When we decide that another person should not say, think or respond in a certain way we are judging them. Certainly there are times when this is necessary, and in fact there are occasions where we would not be doing our due diligence if we failed to discern between right and wrong. Parenting is an excellent example of this. We would do far more harm than good if we chose to simply ignore incorrect responses in our children. Scripture indicates that we must parent responsibly. Proverbs tells us that if we want a good outcome we need to offer our children our correction. “Those who spare the rod of discipline hate their children. Those who love their children care enough to discipline them.” Proverbs 13:24 Another example comes from Proverbs 22:6, Direct your children onto the right path, and when they are older, they will not leave it. It is clear, in the parent/child relationship, we are to make our children aware of their missteps and take the necessary steps ourselves to correct them. I believe however, that even in the parental role, scripturally we are cautioned that the measure we use to judge our children’s activity will be used on us in our interactions with them going forward.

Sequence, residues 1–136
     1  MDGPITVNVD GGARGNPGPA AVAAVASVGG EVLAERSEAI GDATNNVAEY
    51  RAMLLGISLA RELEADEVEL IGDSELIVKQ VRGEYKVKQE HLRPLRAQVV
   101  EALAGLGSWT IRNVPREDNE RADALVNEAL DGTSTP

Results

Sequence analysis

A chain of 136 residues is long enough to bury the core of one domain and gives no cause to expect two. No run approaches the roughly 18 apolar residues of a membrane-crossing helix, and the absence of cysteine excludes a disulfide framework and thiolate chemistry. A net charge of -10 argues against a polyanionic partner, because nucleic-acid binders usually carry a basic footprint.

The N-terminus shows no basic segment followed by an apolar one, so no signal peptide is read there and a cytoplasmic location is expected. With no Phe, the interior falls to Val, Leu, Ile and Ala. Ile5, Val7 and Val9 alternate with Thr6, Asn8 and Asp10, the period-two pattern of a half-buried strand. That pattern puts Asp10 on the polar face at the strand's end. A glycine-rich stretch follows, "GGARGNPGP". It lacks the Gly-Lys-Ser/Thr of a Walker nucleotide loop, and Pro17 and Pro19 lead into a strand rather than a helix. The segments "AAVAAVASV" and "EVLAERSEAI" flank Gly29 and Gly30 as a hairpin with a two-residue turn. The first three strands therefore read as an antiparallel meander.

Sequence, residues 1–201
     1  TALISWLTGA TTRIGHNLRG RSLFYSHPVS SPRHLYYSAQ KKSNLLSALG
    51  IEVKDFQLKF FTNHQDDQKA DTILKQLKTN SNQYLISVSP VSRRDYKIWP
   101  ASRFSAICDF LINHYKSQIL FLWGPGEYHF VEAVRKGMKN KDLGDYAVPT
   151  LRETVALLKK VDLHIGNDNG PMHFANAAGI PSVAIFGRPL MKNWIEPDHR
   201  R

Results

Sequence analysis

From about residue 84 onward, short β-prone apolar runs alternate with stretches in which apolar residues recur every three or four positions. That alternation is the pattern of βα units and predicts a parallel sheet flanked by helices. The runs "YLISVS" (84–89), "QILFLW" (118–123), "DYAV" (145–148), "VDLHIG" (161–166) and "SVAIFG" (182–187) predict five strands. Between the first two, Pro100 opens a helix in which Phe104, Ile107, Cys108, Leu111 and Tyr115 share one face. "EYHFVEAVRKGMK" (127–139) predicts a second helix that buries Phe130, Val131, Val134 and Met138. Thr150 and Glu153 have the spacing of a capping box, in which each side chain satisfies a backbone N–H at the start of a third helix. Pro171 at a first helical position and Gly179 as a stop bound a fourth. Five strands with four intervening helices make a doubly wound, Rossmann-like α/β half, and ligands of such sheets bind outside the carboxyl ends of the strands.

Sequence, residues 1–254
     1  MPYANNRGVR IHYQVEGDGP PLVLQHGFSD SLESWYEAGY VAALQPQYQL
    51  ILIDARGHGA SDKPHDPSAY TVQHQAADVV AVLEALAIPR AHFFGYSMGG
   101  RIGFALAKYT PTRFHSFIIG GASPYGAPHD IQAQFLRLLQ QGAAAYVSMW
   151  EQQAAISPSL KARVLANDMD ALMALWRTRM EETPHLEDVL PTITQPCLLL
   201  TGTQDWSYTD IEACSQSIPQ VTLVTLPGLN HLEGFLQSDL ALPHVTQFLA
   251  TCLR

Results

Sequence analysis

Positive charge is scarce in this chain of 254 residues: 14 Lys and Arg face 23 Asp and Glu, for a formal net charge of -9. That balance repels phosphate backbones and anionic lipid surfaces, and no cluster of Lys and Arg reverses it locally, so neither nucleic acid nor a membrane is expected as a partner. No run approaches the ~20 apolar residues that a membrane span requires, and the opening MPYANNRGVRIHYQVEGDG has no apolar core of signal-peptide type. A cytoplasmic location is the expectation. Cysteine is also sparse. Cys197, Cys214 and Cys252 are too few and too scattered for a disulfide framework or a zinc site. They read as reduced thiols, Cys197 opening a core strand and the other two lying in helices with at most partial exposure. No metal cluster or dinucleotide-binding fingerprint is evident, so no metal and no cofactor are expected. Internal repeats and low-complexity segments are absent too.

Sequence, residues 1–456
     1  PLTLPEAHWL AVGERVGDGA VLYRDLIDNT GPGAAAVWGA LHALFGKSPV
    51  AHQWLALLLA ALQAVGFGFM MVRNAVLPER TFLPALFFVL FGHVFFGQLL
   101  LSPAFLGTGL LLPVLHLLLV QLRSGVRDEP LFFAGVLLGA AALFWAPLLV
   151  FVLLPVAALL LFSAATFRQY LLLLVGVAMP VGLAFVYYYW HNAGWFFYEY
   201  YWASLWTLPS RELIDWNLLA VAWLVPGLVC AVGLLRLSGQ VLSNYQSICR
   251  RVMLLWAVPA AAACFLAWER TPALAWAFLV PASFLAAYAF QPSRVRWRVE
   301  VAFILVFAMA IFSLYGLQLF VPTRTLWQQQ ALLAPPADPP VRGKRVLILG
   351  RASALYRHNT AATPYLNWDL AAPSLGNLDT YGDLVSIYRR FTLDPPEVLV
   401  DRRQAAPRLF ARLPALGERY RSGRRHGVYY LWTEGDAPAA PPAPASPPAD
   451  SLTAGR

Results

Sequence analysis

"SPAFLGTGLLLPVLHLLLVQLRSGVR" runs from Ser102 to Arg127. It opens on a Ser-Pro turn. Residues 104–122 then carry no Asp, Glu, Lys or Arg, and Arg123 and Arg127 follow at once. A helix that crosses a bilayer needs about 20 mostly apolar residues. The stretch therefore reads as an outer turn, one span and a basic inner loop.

Additionally, we see in scripture that if we have a brother or sister in Christ who has sinned against us we are instructed to go to them privately and make them aware of the problem. Only if that doesn’t bring resolution are we to delicately follow the biblical prescription of involving others, and always from a pure motive of love. Even here we must be cautious to do so in a non-judgmental nature, offering the same level of grace and mercy that we would want shown to us. (Matthew 18:15-17)

Interestingly within the marital relationship, the scripturally prescribed response to a perceived failure is different altogether. I believe this to be for several reasons. I give them in no particular order, though all are offered for careful consideration. First, the response to a judgmental attitude is far more abrasive within a marriage. People respond to perceived spousal judgment with much less tolerance than any other. This is a result of their Oneness. No one easily accepts criticism from an equal, and the reaction is very likely to be a Hypocrite! First get rid of the log in your own eye; then you will see well enough to deal with the speck in mine!”